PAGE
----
The linear and nonlinear rheology of multiscale complex fluids
Massachusetts Institute of Technology. Department of Mechanical Engineering.
Gareth H. McKinley.
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The microstructures of many complex fluids are typically characterized by a broad distribution of internal length scales. Examples of such multiscale materials include physically and chemically cross-linked gels, emulsions, soft colloidal glasses and concentrated suspensions. Due to the complex microstructure, these materials exhibit multiscale power law relaxation under externally imposed deformation. Compact constitutive frameworks that can accurately describe and predict both the linear as well as the nonlinear rheology of such complex fluids have remained elusive. Moreover, the rheological behavior of these materials under extensional deformations, which is important in applications such as spraying and fiber spinning, is relatively poorly understood. The primary contribution of this thesis is the development of a compact constitutive modeling framework to quantitatively describe the rheology of multiscale complex fluids. In the linear limit of small deformations, fractional constitutive equations in conjunction with the concept of quasi-properties have been shown to provide accurate physical descriptions of the broad power law relaxation dynamics exhibited by multiscale materials. In this thesis we very generally show how fractional constitutive equations enable the prediction of the rheological response of multiscale fluids under complex deformation profiles. As a specific example, we analyze the damped inertio-elastic oscillations exhibited at early times by viscoelastic interfacial layers upon the imposition of a constant stress, and the subsequent long time power law creep. We also analyze the small strain lubrication flow regime of a typical tack experiment performed on a crosslinked power law gel, where the extensional deformation of the complex material plays an important role. We extend these models to the large strain nonlinear regime using an integral K-BKZ framework coupled with a strain damping function. We demonstrate in a general manner that nonlinear rheological responses such as shear-thinning and positive first normal stress coefficients can be predicted a priori from linear viscoelastic data and a single additional nonlinear parameter introduced through the damping function. We also demonstrate that well-known empirical rheological models utilized to describe nonlinear behavior such as the Herschel-Bulkley, Cross and Carreau models can be derived using the K-BKZ framework by selecting a suitable fractional relaxation kernel and an appropriate damping function. Additionally, we derive expressions for linear viscometric functions as well as the first normal stress coefficient for materials that exhibit steady shear flow behavior predicted by the above empirical models. Our approach also quantifies the applicability of widely known empirical rheological rules for nonlinear rheology such as the Cox-Merz rule. The second contribution of this thesis is in increasing the understanding of the rheological behavior of multiscale complex fluids in extensional flow fields. For this purpose we utilize a variety of experimental extensional rheology techniques such as Capillary Breakup Extensional Rheometry (CaBER), Filament Stretching Extensional Rheometry (FiSER) and an Optimized Shape Cross-slot Extensional Rheometer (OSCER). Due to their ubiquity in industrial applications as well as in biologically relevant complex fluids, we primarily study aqueous polysaccharide systems (for example Mamaku gum). With the help of these detailed experiments, we investigate and quantify the strength of hydrogen-bonding interactions in this multiscale physically associated gel. We also investigate the extensional rheology of Hyaluronic acid, which has been shown to be an important factor in proper synovial fluid function. The findings of this thesis are widely applicable given the widespread use of multiscale complex fluids in industrial, and biological applications. The fractional constitutive framework derived here overcomes the limitations of current modeling approaches that invoke a large number of empirical constitutive parameters. Our simple models will be useful for quantitative material diagnostics and quality control comparisons as well as for computational simulations. Moreover, the experimental findings on the extensional rheology of multiscale polysaccharide systems will help in the formulation of biologically relevant complex fluids for the treatment of physiological conditions such as osteoarthritis and dysphagia.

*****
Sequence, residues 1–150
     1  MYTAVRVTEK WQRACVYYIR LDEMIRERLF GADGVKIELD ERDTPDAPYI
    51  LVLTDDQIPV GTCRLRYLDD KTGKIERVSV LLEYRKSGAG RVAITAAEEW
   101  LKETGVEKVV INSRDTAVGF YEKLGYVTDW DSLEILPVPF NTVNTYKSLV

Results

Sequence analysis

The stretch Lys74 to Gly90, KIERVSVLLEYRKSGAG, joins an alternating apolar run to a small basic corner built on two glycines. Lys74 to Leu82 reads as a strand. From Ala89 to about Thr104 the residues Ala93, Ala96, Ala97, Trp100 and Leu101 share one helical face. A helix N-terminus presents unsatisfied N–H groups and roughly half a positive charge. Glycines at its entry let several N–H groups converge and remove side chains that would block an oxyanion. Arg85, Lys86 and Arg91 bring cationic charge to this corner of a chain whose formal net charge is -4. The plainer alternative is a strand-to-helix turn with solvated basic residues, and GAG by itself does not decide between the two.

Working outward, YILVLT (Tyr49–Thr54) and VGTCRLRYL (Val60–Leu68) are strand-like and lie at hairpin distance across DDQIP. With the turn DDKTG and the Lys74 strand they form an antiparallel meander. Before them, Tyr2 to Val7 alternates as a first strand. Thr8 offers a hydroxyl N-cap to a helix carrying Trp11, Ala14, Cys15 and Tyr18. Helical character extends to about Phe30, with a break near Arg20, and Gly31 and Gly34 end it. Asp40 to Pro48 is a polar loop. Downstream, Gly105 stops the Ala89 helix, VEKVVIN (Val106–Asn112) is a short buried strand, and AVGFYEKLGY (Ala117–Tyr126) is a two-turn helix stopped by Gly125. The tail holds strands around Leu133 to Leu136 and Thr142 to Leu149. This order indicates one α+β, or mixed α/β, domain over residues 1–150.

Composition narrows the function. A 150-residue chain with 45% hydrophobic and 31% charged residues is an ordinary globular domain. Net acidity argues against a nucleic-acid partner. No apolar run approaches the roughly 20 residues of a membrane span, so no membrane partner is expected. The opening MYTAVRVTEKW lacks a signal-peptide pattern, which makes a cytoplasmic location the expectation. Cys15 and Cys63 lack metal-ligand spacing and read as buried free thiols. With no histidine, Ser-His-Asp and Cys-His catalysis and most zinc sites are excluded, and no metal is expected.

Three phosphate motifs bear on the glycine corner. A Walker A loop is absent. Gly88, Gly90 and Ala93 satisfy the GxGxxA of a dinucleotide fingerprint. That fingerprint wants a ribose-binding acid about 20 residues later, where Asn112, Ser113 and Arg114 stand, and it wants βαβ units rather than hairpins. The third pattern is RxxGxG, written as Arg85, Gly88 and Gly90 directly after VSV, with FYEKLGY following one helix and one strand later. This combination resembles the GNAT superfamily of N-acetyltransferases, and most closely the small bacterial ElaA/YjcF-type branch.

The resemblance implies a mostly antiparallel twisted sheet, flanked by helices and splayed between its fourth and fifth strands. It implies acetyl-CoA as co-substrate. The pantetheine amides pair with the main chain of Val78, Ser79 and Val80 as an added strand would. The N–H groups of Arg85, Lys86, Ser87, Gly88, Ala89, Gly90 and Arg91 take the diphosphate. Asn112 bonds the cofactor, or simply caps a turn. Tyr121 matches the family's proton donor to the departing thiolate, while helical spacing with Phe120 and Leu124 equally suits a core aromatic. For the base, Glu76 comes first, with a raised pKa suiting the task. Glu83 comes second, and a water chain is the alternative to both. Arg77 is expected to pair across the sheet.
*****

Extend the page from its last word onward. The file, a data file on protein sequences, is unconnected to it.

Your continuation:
Thesis: Ph. D., Massachusetts Institute of Technology, Department of Mechanical Engineering, 2014.Cataloged from PDF version of thesis.Includes bibliographical references (pages 311-337).
DepartmentMassachusetts Institute of Technology. Department of Mechanical Engineering.
Massachusetts Institute of Technology